To put it bluntly, my outlook yesterday was bleak. I not only saw in everything its negative, grim aspects, I was certain that whatever was wrong was my fault. Today, however, the world seems a much brighter place. Everything is still my fault, of course, but for the time being I am willing to share the blame with others if it will make them feel better.

This happens to me occasionally. Where the sudden changes in mood come from, I don�t know. But it as been this way for a great many years, so I am familiar with the ups and downs and prepared to go along for the ride. To me, feeling bad now and then seems perfectly normal, even healthy. I see no reason why I should feel cheerful and good all the time. What even gives me the right, when the world is in the shape it�s in?

Feeling consistently cheerful also seems illogical on physical grounds. The brain is a complicated thing, with its chemical balances and imbalances, receptors, inhibitors, and rapid-fire messages, all subject to the whim of outside forces and various forms of interference. We live in a world polluted by poisonous foreign bodies, noise, and violence. What we make of it and how we react varies from person to person and from brain to brain. There are norms, but just as some people are more comfortable in ninety-degree weather than in seventy-degree weather, the norms often don�t fit.

Personally, I despise norms. Norms are an outrage. Too many people fall in with norms, to the point that one might even say that this activity itself is a norm. It isn�t a bad thing to be normal or predictable in certain basic and ingrained human ways. But I do think it�s a bad thing to worry about fitting in, or to try to feel the same way about life as everyone else, or even to wish it were possible. That whole involvement is an incredible waste of energy.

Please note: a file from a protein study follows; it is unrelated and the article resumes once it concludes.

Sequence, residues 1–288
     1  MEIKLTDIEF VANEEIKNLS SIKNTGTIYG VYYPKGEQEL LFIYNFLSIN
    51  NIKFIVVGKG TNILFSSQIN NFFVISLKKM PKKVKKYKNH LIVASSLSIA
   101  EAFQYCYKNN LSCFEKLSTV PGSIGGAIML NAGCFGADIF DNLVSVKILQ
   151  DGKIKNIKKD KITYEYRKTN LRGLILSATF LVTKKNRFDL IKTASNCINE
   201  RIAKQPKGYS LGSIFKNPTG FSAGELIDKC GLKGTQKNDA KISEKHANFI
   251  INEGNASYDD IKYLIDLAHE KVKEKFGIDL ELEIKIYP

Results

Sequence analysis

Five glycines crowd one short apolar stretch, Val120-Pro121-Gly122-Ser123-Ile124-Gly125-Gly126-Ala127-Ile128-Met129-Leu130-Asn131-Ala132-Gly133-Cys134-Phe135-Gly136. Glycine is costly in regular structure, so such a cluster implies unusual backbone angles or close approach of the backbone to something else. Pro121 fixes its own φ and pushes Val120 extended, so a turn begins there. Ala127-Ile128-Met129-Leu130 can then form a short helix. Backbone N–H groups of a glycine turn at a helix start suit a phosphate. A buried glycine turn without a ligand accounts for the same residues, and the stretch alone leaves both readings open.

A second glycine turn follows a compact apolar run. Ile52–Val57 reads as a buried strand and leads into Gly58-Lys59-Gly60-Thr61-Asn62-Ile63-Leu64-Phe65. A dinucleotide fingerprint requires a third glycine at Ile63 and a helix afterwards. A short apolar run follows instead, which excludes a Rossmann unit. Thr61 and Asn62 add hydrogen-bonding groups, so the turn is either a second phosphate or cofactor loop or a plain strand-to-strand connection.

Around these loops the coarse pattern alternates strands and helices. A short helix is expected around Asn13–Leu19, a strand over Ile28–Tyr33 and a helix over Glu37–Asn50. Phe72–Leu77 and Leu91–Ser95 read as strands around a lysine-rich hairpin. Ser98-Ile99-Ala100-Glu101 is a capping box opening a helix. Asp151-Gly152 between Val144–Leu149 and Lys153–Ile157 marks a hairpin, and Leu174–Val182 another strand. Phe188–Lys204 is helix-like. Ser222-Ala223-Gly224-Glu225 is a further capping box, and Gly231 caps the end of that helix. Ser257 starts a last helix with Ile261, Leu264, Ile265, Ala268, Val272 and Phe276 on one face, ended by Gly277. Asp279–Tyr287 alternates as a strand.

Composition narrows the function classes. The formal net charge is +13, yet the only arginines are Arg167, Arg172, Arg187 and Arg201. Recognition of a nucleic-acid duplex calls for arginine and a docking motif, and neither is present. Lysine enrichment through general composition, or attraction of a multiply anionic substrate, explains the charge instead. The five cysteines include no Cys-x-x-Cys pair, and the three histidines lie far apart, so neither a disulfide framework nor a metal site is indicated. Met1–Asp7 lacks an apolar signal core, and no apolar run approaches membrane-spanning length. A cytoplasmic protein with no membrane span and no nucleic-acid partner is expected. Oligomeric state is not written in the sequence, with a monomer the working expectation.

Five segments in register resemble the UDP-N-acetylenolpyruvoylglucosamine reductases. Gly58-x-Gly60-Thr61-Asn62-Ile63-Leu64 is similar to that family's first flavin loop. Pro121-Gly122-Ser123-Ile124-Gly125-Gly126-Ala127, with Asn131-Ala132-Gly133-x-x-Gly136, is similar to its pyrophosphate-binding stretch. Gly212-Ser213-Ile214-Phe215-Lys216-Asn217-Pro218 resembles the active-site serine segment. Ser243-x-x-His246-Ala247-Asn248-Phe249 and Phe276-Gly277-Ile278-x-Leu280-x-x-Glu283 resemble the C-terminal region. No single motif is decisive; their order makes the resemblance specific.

Not surprisingly, the business, legal, and dogmatic worlds thrive on norms, and threaten grave consequences for those who don�t adhere. To the degree that we buy into this degrading process, and that we embrace the next fad, faith, system, liar, or advertisement, we become consumers and victims that much further removed from our own natural potential. We would be far better off if we would admit that it is a big confusing world out there and that we don�t know what to do about it. At least it would give us a legitimate starting point.

And so I repeat, it seems only natural to feel down once in awhile. To hide from it, or to try to cover it up through various means by which nameless, faceless others profit, is like taking pain medication without trying to understand what is causing the pain. Eventually, the cause catches up with you.

Also by William Michaelian

Winter Poems

ISBN: 978-0-9796599-0-4
52 pages. Paper.
Another Song I Know
ISBN: 978-0-9796599-1-1
80 pages. Paper.
Cosmopsis Books
San Francisco

Signed copies available

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